In treated areas, she says, she sees a remarkable uptake of water in late June — when the heat starts.
“The trees in the control area shut down; they don’t have water,” Sala says, “but when you’ve removed the Douglas fir, you see a big uptake in water use.”
In effect, the unusually dense stands create a condition where none of the trees get the water that would normally be available.
Sala acknowledges that for some old-growth stands, thinning followed by burning could be the best treatment. But she says it is impossible to do that on a large scale, because each old tree requires such care. You have to remove the duff, for example, so you don’t overheat the base of the tree.
How best to restore forest, or even whether to, can be a socially and scientifically charged question. One goal of Sala and DeLuca’s research is to better understand how the forest works so that better management decisions can be made.
Sala says they realized that in order to be more helpful in formulating management options that can restore these highly-altered forests, they needed to get away from complicating factors such as the legacies of grazing and timber harvest. They needed to find a true reference forest.
So, for the last couple years, DeLuca and Sala have been hiking — with some strong students — way back into the Selway-Bitterroot and Gospel Hump wilderness areas in western Montana and northern Idaho. There, far from the effects of intense forest management, they found study plots with a more natural fire history.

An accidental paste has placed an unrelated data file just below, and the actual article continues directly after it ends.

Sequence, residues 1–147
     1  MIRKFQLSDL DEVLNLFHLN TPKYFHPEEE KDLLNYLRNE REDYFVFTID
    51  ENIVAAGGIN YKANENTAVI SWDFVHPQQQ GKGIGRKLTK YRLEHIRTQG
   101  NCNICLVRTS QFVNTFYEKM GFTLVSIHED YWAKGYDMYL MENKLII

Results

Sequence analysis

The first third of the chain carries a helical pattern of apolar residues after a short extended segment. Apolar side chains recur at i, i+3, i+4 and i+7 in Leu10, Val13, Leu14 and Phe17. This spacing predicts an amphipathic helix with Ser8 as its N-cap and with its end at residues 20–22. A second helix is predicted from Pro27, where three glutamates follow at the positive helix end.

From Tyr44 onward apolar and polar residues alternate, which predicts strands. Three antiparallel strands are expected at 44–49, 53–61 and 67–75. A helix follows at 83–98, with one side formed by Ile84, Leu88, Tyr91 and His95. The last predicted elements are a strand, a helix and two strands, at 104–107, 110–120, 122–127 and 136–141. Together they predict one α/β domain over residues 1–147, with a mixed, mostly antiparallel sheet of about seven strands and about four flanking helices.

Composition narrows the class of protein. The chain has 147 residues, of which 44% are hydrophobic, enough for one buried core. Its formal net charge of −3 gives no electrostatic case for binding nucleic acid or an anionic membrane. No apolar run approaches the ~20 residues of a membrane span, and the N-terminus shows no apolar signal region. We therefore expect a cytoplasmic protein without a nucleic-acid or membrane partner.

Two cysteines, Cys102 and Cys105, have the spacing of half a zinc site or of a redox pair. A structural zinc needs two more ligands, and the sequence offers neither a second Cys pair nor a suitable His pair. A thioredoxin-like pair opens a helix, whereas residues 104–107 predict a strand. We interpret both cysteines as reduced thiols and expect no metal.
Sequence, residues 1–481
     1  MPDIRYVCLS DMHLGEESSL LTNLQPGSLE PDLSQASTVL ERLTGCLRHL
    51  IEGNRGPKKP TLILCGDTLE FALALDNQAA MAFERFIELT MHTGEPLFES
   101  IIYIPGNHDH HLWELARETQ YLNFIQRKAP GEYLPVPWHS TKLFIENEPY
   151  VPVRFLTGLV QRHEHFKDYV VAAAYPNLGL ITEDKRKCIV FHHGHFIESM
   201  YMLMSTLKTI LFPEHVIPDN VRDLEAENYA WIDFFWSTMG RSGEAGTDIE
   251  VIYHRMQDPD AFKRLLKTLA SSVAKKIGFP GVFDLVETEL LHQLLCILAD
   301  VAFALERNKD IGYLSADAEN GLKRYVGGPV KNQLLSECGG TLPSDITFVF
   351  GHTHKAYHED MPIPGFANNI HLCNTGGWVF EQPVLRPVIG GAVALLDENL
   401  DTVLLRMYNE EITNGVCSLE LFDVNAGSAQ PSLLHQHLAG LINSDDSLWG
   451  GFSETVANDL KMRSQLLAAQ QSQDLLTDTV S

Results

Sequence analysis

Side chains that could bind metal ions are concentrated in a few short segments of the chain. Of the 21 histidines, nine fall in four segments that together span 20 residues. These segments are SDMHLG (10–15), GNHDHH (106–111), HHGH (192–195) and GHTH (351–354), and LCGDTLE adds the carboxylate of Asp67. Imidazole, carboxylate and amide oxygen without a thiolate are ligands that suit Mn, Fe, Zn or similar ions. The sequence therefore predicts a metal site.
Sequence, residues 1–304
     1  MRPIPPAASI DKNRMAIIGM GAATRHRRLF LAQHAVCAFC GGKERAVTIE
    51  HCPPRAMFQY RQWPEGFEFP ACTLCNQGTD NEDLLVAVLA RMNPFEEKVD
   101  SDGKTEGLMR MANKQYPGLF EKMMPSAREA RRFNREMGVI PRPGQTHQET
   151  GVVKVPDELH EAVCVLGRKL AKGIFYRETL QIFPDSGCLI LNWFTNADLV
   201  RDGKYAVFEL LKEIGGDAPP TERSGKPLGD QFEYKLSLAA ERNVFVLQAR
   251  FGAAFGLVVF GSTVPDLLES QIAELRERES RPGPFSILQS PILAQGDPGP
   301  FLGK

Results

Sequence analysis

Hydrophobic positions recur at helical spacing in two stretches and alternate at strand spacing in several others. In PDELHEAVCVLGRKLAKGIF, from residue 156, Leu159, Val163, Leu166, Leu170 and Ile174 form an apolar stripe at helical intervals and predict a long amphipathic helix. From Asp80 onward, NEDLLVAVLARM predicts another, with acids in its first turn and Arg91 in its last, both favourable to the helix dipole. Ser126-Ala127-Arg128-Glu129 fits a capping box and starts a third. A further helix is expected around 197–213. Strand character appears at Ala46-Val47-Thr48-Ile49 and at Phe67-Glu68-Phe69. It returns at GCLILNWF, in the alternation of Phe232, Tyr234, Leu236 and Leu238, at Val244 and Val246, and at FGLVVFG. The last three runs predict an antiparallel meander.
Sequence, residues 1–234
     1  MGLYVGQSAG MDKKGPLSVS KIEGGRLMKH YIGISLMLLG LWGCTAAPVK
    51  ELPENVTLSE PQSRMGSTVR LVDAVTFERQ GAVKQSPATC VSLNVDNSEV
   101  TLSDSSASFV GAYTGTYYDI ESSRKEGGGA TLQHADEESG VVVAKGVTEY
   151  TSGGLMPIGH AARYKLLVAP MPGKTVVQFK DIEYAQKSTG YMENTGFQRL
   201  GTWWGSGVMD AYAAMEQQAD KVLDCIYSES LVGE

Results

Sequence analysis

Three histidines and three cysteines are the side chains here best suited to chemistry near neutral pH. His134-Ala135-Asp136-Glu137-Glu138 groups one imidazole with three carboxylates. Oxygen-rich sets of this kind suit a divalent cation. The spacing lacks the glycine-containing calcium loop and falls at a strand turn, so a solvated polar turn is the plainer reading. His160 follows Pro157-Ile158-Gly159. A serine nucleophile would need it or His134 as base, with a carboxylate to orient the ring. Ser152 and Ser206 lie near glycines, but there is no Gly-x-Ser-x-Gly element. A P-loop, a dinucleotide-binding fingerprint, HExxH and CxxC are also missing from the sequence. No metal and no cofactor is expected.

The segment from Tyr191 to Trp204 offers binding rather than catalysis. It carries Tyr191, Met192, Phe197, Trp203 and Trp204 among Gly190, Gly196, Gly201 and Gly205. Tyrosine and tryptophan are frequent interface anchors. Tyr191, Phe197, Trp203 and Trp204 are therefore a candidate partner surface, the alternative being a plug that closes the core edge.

“There was lots of bushwhacking,” Sala recalls. “You had to be in shape to get way out there — I was not.”
But, despite the blisters and rattlesnake encounters, the researchers agree that the effort paid off in many ways. Even though she says the long distances on foot kept her from collecting as much hard data as she could have on heavily managed stands near roads, the experience gave her a better perspective of what natural forests look like.
“We can’t restore ecosystems back to what they were because we don’t know what they were,” she says. “That’s the point of going into the wilderness areas — to see how things really function.”
She compared forest structure in stands subjected to natural fire regimes with stands not burned during the last century. Not all old-growth forests fit the classic open stand image that many people think of as ideal ponderosa pine forest, but she didn’t find the dense Douglas-fir thickets seen in managed forests.
Sala suspects the current high density in managed forests is linked not only to fire-suppression but to grazing and logging as well. But she adds that more research is needed to accurately gauge the relative impacts of various management decisions.
The data they collected confirmed some long-held suspicions. DeLuca buried nutrient-absorbing resin capsules in the study plots and found that the soil in the stands that had burned repeatedly over time was significantly higher in available nutrients.
“This is a big deal because we are not measuring it right after a fire,” he says. “It’s not a short-term response.”
The wilderness study suggests that, despite calls to restore forests to pre-management conditions, there is still a lot to learn about how those forests functioned in the first place. But, as the science clearly shows, a force as dominant as fire can’t be overlooked.
“To get the systems functioning the way they used to,” says DeLuca, “at some point we have to allow fire back in the landscape.”